Xbox has a uniquely controversial history with digital rights management, otherwise known as DRM. DRM refers to the general practice of verifying the authenticity of a digital piece of content, whether it is music, movies, or of course, games. DRM controversies crop up from time to time. I recall the disaster that was 2013's SimCity from EA. Its legendarily awful DRM failed on launch day, leading to thousands being unable to access offline play, or even do basic things like save games. It came hot on the heels of Xbox One's own DRM disaster, with the revelation that the console would be an always-online affair. Microsoft would, of course, later backtrack, but the internet has a long memory.
This past weekend, Xbox's authentication servers were down for millions of gamers across the world, raising some bad memories for Xbox users. In a statement to us, Microsoft said that Xbox Live's systems that prevented purchases and game launches have stabilized and that they're working on releasing an update for the servers this week to prevent this problem from happening again. However, the specter of the Xbox One's tumultuous launch era reared its head in the ensuing discourse.
So, what exactly went wrong?
Across the weekend, many users were slapped with "The owner of this content needs to sign in" messages, as Xbox's servers failed to verify the authenticity of Xbox users' ownership of specific content. On Xbox consoles, you essentially have two login states for your account. One is a "Home" Xbox login, and another is your cloud login. The cloud login is intended to be used on external Xbox consoles, in situations where you might be visiting a friend, for example, so you can team up and play together. Many users also use this feature to share games with a friend, or with a second console within their household.
As someone who library shares with a family member, it's often a consequence that during periods when Xbox Live goes down, I lose access to my games. This is because to verify your license rights to your cloud login, naturally, you need to be able to connect to the cloud.
Theoretically, users who are playing on their account's "home" console shouldn't have had any issues, given that the DRM check-in for licenses on the home console is far more generous. However, many users were sharing reports that they were unable to access ownership of their games even on home consoles. Although, it seems as though at least some of these scenarios were the result of confusion over how different games interact with DRM.
A scenario where you can't access an offline game even on your home console may arise when you're attempting to play a game that hasn't received its initial offline license, for any particular reason. In a conversation with Ashley McKissick, Xbox CVP for Gaming Experiences and Platforms, I discovered a little bit more about how game licenses work on the console. In order to receive an offline license for a digital game (which lasts forever on Xbox consoles once downloaded), you have to have launched the game at least once.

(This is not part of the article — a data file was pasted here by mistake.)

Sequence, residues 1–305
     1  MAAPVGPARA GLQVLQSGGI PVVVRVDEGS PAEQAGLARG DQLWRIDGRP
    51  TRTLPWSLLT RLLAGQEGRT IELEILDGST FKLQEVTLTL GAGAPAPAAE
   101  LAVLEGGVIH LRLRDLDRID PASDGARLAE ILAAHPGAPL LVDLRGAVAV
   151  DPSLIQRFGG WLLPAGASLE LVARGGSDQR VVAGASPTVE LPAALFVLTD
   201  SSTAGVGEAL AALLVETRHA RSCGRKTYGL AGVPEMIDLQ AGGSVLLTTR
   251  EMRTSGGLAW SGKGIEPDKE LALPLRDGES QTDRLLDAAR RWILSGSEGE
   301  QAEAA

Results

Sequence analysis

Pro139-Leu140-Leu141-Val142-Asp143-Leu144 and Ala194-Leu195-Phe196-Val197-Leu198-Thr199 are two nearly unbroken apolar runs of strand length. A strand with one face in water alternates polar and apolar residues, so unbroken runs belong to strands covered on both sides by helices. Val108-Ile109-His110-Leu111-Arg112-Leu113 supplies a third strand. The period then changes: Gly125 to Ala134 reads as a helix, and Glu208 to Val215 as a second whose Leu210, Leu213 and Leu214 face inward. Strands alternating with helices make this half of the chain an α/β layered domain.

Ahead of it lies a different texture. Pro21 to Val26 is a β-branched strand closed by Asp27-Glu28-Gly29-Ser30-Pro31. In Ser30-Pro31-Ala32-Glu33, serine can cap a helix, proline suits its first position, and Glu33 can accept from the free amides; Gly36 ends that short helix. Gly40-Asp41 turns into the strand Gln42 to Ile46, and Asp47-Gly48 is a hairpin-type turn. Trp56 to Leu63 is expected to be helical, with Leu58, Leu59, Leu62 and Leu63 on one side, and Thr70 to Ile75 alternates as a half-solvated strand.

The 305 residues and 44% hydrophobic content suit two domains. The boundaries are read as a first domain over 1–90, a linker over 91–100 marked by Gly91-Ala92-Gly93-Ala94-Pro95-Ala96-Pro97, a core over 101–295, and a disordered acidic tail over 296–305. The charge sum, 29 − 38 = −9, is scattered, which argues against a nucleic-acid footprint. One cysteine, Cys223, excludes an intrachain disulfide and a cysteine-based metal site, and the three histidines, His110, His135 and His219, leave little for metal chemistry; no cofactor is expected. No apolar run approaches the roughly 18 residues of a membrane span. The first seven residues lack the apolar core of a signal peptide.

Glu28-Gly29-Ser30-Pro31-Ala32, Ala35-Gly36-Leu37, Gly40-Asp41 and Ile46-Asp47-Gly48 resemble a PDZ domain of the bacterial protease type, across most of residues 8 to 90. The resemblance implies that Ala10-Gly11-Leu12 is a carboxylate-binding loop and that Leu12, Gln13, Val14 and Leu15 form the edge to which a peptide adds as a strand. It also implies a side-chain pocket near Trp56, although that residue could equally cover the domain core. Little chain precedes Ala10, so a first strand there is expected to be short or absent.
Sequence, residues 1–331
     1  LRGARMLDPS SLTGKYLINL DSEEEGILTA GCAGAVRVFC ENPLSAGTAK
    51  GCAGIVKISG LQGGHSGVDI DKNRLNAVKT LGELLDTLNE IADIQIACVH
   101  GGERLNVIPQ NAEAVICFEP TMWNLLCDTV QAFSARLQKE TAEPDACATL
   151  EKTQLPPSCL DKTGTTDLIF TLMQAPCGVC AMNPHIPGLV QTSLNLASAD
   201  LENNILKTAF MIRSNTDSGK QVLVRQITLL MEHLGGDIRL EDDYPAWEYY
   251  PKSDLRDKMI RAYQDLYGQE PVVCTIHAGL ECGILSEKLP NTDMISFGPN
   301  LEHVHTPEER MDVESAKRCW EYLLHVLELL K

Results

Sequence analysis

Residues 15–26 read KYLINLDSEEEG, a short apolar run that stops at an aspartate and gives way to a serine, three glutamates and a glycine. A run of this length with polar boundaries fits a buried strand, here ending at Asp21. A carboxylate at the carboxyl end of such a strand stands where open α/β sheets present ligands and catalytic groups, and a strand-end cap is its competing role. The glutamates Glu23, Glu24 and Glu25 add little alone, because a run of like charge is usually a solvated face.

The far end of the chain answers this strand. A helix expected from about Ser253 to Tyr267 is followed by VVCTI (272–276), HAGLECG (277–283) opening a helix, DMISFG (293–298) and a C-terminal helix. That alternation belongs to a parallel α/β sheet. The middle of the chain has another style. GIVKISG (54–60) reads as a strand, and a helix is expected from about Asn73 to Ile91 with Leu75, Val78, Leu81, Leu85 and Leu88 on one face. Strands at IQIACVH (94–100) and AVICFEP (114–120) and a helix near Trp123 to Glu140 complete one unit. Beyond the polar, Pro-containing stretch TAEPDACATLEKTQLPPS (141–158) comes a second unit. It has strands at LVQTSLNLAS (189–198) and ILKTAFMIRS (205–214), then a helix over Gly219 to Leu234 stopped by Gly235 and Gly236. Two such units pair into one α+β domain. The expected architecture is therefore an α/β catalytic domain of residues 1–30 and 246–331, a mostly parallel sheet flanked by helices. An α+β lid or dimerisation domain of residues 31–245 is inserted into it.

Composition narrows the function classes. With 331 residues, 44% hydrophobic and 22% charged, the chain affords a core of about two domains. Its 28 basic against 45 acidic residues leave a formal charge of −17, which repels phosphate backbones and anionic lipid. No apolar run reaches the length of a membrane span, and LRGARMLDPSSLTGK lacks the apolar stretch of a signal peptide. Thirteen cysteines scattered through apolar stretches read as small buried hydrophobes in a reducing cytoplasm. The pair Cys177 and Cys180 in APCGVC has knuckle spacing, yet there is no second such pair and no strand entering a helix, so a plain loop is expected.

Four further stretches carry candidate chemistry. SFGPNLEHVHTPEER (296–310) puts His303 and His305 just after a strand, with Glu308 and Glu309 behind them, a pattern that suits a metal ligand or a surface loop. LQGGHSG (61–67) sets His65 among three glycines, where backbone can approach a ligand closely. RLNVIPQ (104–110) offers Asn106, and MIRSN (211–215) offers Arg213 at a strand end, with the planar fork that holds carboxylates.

Update May 11, 2022: I have received some clarification that some games receive the license at the point of installation, while other games, owing to backward compatibility and other developmental nuances, may need at least one launch to initialize the license provision.
In the case of disc-based games, McKissick confirmed that these pull the license from the disc itself. However, some users may have found that running backward-compatible Xbox One games on an Xbox Series X|S may have still failed to launch from the disc during this outage, since they need to pull down some compatibility settings on the first load.
It certainly wasn't the case that Microsoft intentionally attempted to pull access to offline games on your home consoles. And for conspiracy theorists, I also confirmed that it wasn't Fortnite hitting Xbox Cloud Gaming that brought the servers down either.
Regardless, confusion over these systems and inconsistencies that may arise became a major talking point in the Xbox community over the weekend. It all put a spotlight on scenarios where access to authentication servers, for whatever reason, might not be possible.
This put a spotlight on Xbox's DRM, once again
Without DRM, an Xbox owner would theoretically be able to download the hundreds of games on Xbox Game Pass and EA Play using a $1 trial, disconnect their console, and have them forever without paying for it, for example. DRM obviously has some merits for verifying digital ownership and file integrity, but there's obviously a point where DRM negatively impacts a paying user's experience, as we saw this past weekend.
DRM remains a contentious topic in general. As pertains to Xbox, you have the fact the consoles need an initial online connection to set up. Then there's the fact many discs only contain a license for a game in the post-Steam age, lacking the files to fully run the game without the internet.